Seth Clark Artist and Destroyer of Worlds Interview
I have a dirty little secret to share with all of you today. It will come as a blow to many of you. But, if you would just sit down for a moment, we’ll all be better off for it at the end of the day. Breathing? Good. So, the truth of the matter is that maintain this space simply so I have a half decent cover in which to talk to some really really cool people. Over the last month or two I’ve had the chance to talk with Mike Hollingshead about his astonishing photography, Péter Vacz about his film ‘Rabbit and Deer’, Zi Ye about his upcoming game entitled Parallax, Danny Madden and his short film entitled Confusion Through Sand, just so many amazing conversations. And each one is so amazingly inspiring for so many different reasons.
Well, with that little confession session off my chest, today I am lucky enough to chat with Seth Clark who is the gentleman who has created these amazing works of decay that I am absolutely in love with. Here is what Seth does in his own words from his Facebook page.
Pittsburgh, Pennsylvania-based artist Seth Clark(facebook) – “My work focuses on deteriorating architecture. I see an inherent honesty in the face of my subject. These man-made structures, designed to be huge forces of permanence, are now collapsing in on themselves. Among all of the clutter—the shards of wood and layers of rubble—there remains a gentle resolve. It is as if the buildings were content with their circumstance. As I work, I study these structures incessantly. They are on the brink of ruin, yet appear dignified in their state. Something very energized and present is trying to escape out of a slow history of abandonment.”
INTERVIEW WITH SETH CLARK –
TH – I saw that you alluded to your having a day job as a designer – is that true? Seems fitting that a collector of detritus would also be a creator of future decay! What sorts of things do you design? What type of design work do you do?
SC – I use to do a ton of freelance design work, everything from logos, identities, album covers, posters, books, catalogs, etc. While I’m primarily working as a full time artist now, I still like to take on design projects that I find interesting. It is often helpful for me to take a step back from my personal work and solve a client’s problem.
TH – Do you consider your work Abstract Realism? Realistic Abstractism? Pseudo-Realism? I could swear I’ve seen each of your paintings before. Whether in the slums of Peru, or the city outskirts of Addis Ababa, or just the farms of Illinois. And yet I have never seen anything like it simultaneously. Each of your works is truly amazing in that familiar yet distant sort of a way.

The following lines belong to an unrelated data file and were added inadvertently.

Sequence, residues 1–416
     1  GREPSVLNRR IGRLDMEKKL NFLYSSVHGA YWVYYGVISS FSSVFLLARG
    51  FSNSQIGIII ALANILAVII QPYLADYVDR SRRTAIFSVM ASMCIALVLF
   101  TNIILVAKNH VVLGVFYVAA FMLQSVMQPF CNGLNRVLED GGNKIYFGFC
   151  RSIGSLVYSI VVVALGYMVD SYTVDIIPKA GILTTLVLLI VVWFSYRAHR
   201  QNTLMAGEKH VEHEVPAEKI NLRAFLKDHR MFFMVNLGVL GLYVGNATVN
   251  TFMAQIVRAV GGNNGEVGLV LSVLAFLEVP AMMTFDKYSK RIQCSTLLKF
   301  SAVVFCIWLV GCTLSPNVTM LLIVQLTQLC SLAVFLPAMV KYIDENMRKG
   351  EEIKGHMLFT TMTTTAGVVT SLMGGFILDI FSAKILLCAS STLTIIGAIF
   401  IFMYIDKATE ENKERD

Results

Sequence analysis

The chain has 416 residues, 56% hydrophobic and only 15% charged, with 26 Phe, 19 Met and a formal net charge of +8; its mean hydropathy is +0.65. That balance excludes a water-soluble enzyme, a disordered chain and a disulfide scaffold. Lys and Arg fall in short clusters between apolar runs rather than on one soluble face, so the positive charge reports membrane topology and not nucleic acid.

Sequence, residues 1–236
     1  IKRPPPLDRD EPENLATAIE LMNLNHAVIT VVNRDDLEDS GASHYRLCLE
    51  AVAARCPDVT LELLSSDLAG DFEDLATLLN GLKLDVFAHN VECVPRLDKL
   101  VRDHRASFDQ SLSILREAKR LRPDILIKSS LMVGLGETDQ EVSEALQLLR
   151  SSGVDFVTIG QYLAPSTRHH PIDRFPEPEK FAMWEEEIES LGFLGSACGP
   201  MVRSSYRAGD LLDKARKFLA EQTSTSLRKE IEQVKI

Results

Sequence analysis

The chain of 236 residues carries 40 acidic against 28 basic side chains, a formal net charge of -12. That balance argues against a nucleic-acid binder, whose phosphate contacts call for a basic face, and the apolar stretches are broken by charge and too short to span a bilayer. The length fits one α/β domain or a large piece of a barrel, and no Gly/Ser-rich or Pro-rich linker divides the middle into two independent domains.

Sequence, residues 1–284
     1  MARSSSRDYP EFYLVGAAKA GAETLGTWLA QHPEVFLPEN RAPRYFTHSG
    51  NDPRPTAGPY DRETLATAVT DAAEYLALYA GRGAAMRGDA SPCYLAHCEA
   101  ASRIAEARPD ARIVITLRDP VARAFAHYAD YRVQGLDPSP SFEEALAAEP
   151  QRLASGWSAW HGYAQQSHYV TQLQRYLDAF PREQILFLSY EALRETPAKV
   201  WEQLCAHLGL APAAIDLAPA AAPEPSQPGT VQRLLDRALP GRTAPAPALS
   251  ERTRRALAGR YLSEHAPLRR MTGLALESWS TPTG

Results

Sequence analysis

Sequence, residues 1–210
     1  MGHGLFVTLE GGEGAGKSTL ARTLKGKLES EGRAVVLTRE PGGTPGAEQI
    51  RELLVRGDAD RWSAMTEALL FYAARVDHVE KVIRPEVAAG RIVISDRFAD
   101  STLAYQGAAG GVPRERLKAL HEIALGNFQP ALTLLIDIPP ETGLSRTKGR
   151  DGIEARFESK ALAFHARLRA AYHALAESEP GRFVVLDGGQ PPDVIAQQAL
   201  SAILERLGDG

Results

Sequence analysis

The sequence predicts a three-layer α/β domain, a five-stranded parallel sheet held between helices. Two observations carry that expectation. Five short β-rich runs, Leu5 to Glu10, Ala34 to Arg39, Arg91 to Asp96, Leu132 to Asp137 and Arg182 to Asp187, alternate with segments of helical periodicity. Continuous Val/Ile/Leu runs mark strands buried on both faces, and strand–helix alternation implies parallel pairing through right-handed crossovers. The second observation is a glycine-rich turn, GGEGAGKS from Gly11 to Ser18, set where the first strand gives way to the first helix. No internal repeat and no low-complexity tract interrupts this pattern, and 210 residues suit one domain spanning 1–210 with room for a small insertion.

SC – Thank you! I’ve never really thought about where the work falls… Usually I have something specific I’m trying to render, but I always struggle with allowing the collage process to shine through. If I allow the drawing on top of the collage to get too tight, I lose interest in the piece.
TH – This morning I tried to sit down and sketch a home falling apart. I wasn’t attempting to do what you do, it was more of an abandoned farmhouse type of a thing. Roof caving in. Steps munged. Yard infested with weeds. Garage door jammed half way. And I realized that in order to create disorganization, or disrepair (dis-anything really), it requires way way more work that just painting a pristine house. How do the details of your work come to you? Do you work from source material, photos, anything?
SC – Yes, it is a long process. Often I find myself making that pristine house and then messing it up. The collage process and the materials I’m using (old drawings, found papers/trash) really help with the textures I’m trying to get across. They tend to already be worn down… already have a history to them. I usually work from online sources photos of natural disasters (hurricanes, tornados, sink holes, etc.). Occasionally I’ll find something that just really needs to be re-created, but usually I digitally collage pieces of photos together to make my composition.
Right now I’m actually building some pristine sculptures out of thin pieces of wood and destroying them in various ways.
TH – As I look at the lines of your work, it seems like maybe you use rulers, or masking, or something to snap clean perfect lines… and yet other times nothing could be further from the truth. Do you freehand most of your work? Do you layer in newsprint, or other items for that amazing layered distress look?
SC – The crisp lines come from the collaged elements. Each piece of paper is placed down individually. I usually go back and forth between collage and ink-washes until the dimensional aspect of the artwork is activated. From there, I will draw in the details.
TH – I tracked down your Collapse XIV at the Box Heart gallery and saw that it is for sale. If I happened to have any spare cash at all I would pick it right up. Its just such a gorgeous piece… but it might be because of what isn’t on the page as well as what is there. I find myself staring into the heart of the chaos and imagining the larger dying beast and wondering the life it lived or the function it might have had. Does this particular piece have any background or larger context that you remember as you created it? And for those of us that cannot currently buy an original do you ever sell prints?
SC – I really love this piece too. I’d been looking at a lot of reference photos of caves and wanted to make a fully black image. It’s a small study for something I’d like to get back into at some point.
I don’t sell prints right now. I’m hoping to open an online store later this year with small works (and possibly prints) available for sale.
TH – Do you have a word of advice to all those closet artists out there that are busy with the tedium of ordinary lives?
SC – Stop apologizing for what you do. It takes a lot of courage and discipline to create something from nothing. Keep it up!